Canned salmon doesn’t have to just mean sandwiches. This high-quality protein is loaded up with healthy omega-3 fatty acids and it makes for an incredible pantry staple that is ready whenever you need it. Here are just a few of my favorite Creative Ways to Use Canned Salmon.
To some canned fish, as the leading star of the meal may be an act of desperation or last-minuteness, and while the latter may be true quite often for me – I think regardless, canned salmon and other canned fish, are really easy, grab-and-go, delicious, super nutrient-rich proteins that are perfect pantry staples for any health-minded kitchen. A great thing on hand for those busy times when you just aren’t sure what to make.
Besides your standard sandwich, canned salmon and tuna can be used interchangeably in a variety of different recipes. Canned salmon and tuna both make for wonderful and easy healthy fat-loaded proteins to complete any meal. Add to just about any plate, over top a big green salad, in a wrap, serve over top rice or cauliflower rice, pasta, zucchini noodles, over potatoes or squash. For me, I find that canned salmon is a quality, staple pantry protein, for those busy weeknights when I forget to thaw something out or don’t have the time to fuss with much but I still want a well-rounded nutrient-dense meal. Canned salmon is fantastic source of protein, and it’s also loaded with omega-3 fatty acids, vitamin D3, B-complex vitamins, and trace minerals.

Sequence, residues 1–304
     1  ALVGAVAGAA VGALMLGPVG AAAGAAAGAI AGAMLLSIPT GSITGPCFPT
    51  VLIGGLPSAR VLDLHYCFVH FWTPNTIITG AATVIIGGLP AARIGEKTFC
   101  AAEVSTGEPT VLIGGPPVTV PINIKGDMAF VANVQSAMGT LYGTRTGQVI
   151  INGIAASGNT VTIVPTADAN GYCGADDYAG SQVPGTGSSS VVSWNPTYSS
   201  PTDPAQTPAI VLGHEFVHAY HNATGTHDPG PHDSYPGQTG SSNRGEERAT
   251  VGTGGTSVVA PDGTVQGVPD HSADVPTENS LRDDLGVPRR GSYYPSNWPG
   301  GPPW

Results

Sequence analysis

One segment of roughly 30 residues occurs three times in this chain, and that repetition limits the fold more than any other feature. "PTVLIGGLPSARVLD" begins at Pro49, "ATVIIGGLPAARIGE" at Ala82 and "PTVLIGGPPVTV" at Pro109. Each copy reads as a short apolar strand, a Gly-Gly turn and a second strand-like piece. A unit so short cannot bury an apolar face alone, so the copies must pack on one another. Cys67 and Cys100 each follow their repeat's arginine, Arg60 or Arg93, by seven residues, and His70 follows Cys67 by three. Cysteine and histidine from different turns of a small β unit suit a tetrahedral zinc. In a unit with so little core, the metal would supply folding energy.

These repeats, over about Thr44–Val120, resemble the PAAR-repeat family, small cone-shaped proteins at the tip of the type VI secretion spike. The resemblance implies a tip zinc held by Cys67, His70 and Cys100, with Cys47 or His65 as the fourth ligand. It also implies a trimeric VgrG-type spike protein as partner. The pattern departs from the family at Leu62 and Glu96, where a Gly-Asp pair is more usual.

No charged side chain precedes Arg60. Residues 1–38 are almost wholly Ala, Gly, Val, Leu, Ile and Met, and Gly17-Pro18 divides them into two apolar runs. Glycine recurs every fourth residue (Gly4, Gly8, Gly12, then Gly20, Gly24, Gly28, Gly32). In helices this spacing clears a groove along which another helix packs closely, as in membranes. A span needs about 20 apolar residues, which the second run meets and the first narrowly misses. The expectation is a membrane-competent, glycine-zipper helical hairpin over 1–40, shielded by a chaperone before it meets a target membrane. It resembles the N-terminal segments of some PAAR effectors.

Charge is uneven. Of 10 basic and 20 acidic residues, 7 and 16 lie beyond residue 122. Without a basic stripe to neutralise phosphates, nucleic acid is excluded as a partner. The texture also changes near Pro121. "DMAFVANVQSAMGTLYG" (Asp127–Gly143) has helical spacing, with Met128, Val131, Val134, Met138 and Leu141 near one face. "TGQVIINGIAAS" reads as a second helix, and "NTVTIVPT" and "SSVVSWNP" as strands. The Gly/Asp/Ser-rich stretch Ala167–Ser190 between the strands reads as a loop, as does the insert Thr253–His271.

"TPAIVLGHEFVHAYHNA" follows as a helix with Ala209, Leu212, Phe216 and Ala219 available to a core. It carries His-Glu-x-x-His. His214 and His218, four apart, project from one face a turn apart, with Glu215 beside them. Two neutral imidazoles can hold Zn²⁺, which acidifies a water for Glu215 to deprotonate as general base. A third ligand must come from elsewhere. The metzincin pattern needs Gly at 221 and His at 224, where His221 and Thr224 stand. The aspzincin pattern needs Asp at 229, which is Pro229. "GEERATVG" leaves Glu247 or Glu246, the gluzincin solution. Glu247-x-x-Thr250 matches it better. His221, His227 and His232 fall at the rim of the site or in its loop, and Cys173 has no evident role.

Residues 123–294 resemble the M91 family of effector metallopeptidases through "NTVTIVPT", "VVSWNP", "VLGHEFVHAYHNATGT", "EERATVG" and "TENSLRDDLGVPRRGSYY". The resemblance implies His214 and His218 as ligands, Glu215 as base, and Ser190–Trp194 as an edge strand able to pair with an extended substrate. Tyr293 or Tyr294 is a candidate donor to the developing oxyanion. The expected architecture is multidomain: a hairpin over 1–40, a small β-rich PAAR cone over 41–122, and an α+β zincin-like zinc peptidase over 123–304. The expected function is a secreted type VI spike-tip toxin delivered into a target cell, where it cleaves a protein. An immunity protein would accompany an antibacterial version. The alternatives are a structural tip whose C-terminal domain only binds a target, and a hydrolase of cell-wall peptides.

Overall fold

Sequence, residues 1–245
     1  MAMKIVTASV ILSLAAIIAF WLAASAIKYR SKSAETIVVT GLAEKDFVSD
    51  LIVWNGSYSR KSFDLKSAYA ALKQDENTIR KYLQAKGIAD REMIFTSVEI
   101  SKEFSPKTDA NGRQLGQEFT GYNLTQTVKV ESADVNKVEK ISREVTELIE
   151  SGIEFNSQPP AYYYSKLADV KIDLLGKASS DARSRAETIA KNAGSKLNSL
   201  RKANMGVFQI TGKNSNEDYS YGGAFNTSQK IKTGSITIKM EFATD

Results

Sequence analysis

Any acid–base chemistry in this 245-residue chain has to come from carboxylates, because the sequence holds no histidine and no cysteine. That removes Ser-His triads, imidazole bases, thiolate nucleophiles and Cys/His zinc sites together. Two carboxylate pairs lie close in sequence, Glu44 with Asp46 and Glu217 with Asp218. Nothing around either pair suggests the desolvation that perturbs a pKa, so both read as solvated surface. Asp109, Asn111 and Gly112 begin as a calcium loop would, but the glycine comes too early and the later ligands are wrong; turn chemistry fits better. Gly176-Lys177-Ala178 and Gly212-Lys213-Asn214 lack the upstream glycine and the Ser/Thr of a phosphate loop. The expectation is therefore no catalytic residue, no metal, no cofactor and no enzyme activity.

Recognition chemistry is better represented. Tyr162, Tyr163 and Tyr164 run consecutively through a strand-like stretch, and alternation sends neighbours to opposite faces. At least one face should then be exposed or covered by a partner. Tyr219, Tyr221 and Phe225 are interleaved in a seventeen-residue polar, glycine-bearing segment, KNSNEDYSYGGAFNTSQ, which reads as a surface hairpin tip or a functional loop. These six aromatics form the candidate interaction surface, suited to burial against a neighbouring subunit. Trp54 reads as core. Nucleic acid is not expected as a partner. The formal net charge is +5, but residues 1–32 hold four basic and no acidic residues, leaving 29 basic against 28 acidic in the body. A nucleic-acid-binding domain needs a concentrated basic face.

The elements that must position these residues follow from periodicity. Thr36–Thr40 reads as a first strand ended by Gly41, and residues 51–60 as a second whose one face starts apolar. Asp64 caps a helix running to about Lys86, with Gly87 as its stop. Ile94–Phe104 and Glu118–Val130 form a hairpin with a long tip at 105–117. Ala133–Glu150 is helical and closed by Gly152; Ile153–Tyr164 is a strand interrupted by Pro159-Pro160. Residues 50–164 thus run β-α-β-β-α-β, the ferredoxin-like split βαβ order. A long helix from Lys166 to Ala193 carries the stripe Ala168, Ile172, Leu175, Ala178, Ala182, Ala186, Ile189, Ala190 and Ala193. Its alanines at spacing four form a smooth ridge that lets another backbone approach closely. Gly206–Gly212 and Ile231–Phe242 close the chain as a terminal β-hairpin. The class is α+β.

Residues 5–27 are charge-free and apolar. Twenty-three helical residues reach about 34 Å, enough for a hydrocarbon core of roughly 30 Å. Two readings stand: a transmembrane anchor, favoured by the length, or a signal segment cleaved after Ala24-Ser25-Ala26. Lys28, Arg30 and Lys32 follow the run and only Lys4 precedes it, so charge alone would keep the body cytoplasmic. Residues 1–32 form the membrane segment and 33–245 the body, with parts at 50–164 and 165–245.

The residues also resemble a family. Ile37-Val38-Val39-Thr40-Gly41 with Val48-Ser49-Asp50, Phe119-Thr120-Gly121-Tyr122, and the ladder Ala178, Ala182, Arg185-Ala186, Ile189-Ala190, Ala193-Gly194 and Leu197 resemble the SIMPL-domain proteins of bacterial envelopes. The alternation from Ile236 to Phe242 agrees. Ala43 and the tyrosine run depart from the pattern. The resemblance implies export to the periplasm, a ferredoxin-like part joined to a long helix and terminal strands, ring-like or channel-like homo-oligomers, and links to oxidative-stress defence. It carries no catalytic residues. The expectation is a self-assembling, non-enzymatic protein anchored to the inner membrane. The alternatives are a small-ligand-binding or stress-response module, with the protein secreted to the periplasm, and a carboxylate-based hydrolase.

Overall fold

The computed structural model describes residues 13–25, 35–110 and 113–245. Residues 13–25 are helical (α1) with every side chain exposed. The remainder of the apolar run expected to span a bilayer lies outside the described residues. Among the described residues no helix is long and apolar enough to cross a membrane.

I find that with quality, properly sourced canned fish, less is more. When it comes to Alaska Gold’s Line-Caught Ivory King Canned Salmon, simply toss in some green or red onions and celery, maybe a little mayo and enjoy on a cracker for an easy snack. It truly doesn’t need much more, the flavor is just perfect.
Is Ivory King Salmon Different?
Alaska Gold’s Line-Caught Ivory King Canned Salmon is in a league of it’s own when it comes to canned fish. First off, ivory kind salmon are extremely rare, the rarest of the 5 Pacific wild salmon species. And only a very small percentage of king salmon (roughly approximately 4 %) have a unique genetic anomaly, a missing enzyme, that make them unable to metabolize the pigments in krill, which give other salmon their orange-ish pink-ish salmon color. Because of this inability to digest krill, ivory king salmon prey on more oily fish, like herring and needle-fish, giving them an extra dose of the heart-healthy omega-3 fatty acids that our bodies really need.